Saturday, September 19, 2020

The First Kingdom






The First Kingdom


I dream of

the first kingdom

empire of four

water wood earth and sky

when we knew

 we did not rule,

when a hand outlined

 in ocher

tried to make us real;

when water set to boil

in the round womb of the cauldron

gave magic,

when our skin was honeysuckle,

our tongues fluent in bird,

our hands for making not breaking,

each others' blood too precious to shed

except in the green sacrifice.


Now I watch

the black beyond night

billow out.

The poison steam of brittle brains

evaporating madness

cracks the cauldron.

Sacrifice is colorless.

The lie of ownership replaces

creation's light in our eye. This empire

of assassins, where love is only

an argument of muscle and bone,

where the last fires burn and

birds drop dead from the sky

must pass away, its darkness carried

from the earth, before

the first kingdom can become

the last.


September 2020








 posted for Fireblossom at

The Sunday Muse









Note: in Celtic mythology, cauldrons symbolized many things magical: birth, death, endless plenty and the strongest magic of resurrection. They've been found in many Iron Age burial sites, and later Christianized in the concept of the Holy Grail.  The Cauldron in Celtic Life






Images: Hand Painting, Chauvet Cave,circa 32,000 BP

Title unknown, by Brooke Shaden  Fair Use

Sunday, August 30, 2020

Sunflower Summer


Sunflower Summer

Ah Sun-flower! weary of time, Who countest the steps of the Sun:
Seeking after that sweet golden clime Where the travellers journey is done. 
~ William Blake


It was a sunflower summer
counting steps to the sun
as the heat ran away
after a bad opening night.
Monarchs and hummingbirds
trimmed the yellow-gold plates,
bright beads of Christmas glass.
Rabbits came to the back door
with tea and grass hats
asking the way to Wonderland
til everything went south
blind as salmon in time's reckless river.

I spoke crackling long distance
to the place where you'd been.
It was noncommittal, polite, quite
willing to take a message, yet
I never heard back,
though every sunflower
turned its gathering face to you
in that unmaking summer
of black rolling thunder
in the East, lightning crawling
in the navy blue clouds

a red greed of fire, tree-torches smoking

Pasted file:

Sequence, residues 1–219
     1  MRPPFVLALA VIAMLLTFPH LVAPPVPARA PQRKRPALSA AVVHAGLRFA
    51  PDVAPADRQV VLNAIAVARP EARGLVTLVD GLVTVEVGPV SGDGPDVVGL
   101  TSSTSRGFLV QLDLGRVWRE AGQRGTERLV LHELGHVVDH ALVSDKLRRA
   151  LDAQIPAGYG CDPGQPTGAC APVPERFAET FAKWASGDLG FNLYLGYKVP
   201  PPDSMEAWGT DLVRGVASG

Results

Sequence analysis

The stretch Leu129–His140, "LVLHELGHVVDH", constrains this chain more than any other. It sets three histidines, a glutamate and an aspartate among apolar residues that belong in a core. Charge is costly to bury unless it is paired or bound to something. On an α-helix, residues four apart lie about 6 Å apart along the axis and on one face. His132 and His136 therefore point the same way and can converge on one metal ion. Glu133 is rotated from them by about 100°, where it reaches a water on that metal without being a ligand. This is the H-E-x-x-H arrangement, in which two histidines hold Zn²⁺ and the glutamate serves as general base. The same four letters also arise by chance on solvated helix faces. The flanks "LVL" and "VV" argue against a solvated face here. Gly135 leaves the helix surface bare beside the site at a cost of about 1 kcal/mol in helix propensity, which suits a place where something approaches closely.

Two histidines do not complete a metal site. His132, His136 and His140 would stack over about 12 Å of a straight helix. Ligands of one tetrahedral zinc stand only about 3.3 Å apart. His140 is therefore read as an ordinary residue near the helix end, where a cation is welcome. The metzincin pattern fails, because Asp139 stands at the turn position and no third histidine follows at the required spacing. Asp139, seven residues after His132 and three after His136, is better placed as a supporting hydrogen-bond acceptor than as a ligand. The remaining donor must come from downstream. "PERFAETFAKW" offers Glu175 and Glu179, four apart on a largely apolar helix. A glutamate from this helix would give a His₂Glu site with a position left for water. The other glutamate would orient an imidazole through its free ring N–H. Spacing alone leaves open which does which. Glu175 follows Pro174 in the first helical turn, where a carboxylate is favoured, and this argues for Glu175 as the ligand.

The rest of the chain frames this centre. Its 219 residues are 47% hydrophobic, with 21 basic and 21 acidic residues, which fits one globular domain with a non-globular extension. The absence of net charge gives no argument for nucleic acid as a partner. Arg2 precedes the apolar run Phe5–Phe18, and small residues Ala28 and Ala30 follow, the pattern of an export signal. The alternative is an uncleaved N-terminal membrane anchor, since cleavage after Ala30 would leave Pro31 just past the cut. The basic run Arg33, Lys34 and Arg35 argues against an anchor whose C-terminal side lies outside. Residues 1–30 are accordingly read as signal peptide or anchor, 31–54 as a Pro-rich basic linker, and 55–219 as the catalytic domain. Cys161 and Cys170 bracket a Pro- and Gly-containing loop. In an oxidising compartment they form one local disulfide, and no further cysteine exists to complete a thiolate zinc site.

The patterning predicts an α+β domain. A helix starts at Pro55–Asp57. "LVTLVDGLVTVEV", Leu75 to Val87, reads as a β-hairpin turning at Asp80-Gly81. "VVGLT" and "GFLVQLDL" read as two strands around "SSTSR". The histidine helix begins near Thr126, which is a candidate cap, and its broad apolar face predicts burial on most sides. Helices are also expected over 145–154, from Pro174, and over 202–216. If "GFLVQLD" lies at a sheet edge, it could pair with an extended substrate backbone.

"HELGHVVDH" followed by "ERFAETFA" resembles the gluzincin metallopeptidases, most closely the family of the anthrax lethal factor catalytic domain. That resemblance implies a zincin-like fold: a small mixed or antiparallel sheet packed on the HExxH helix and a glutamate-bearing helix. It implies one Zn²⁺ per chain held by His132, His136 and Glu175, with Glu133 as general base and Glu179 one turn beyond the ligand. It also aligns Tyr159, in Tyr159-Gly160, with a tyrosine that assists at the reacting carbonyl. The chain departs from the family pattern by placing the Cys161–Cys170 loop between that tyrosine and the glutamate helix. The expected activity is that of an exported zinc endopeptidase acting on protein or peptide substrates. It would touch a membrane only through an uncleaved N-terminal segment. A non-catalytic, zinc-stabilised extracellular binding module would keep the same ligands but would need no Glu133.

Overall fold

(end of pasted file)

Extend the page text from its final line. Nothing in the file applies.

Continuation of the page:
a banshee wind in the West.
The scorch of mankind
opened its heart to the storm
and the storm came inside
 like Jesus in a circus tent.
against autumn's flood
the sunflowers pack light
into rucksacks of seeds
for the traveler's journey
 to come.

 August 2020

posted for 
and earthweal's Open Link,
(for Mondays theme of Storms and Rainbows)

Images: Sunflowers, artist unknown   Fair Use
The March Hare, © John Tenniel circa 1865  Fair Use

Friday, August 28, 2020

Friday Flash 55 for August 2020

Welcome all once again to the Friday 55. Another month of this ghastly year proceeds down the tubes, howling and gibbering, leaving us to endure and express it in our writing. I feel a twinge of embarrassment whenever I refer to having a kickass weekend this year, but I can't help feeling Galen Hayes, the originator of this meme, would not have hesitated, and indeed, would have done his best to see we all had one. 

So, the rules are unchanged. Write a poem, a prose-poem or a piece of flash fiction, using exactly 55 words, no more, no less. Link your URL in the comments, and I will be by to read what you have cooked up out of this month's witches brew. 

The prompt will be active from Thursday at midnight to Sunday at 4:00 PM CST.


Here is my 55:

Song For Summer's End

Catkins, willowskins,
grey geese in the morning
sky light,  V-flight,
feather-spin in the gloaming,
bee-fumble, leaves tumble
in Fall's honey-wind sighing
her kiss-clover slip over,
pollen days flying.

Pepper-dust, finger-rust;
summer's crone's crying
too late at the broken gate
where autumn's fast riding.

Even so nothing goes
that has a song to
hold it close.

August 2020 


Images: Bees circa 1900, © Ban Jiaoshi       Fair Use
The Autumn, 1896, © Alphonse Mucha    Fair Use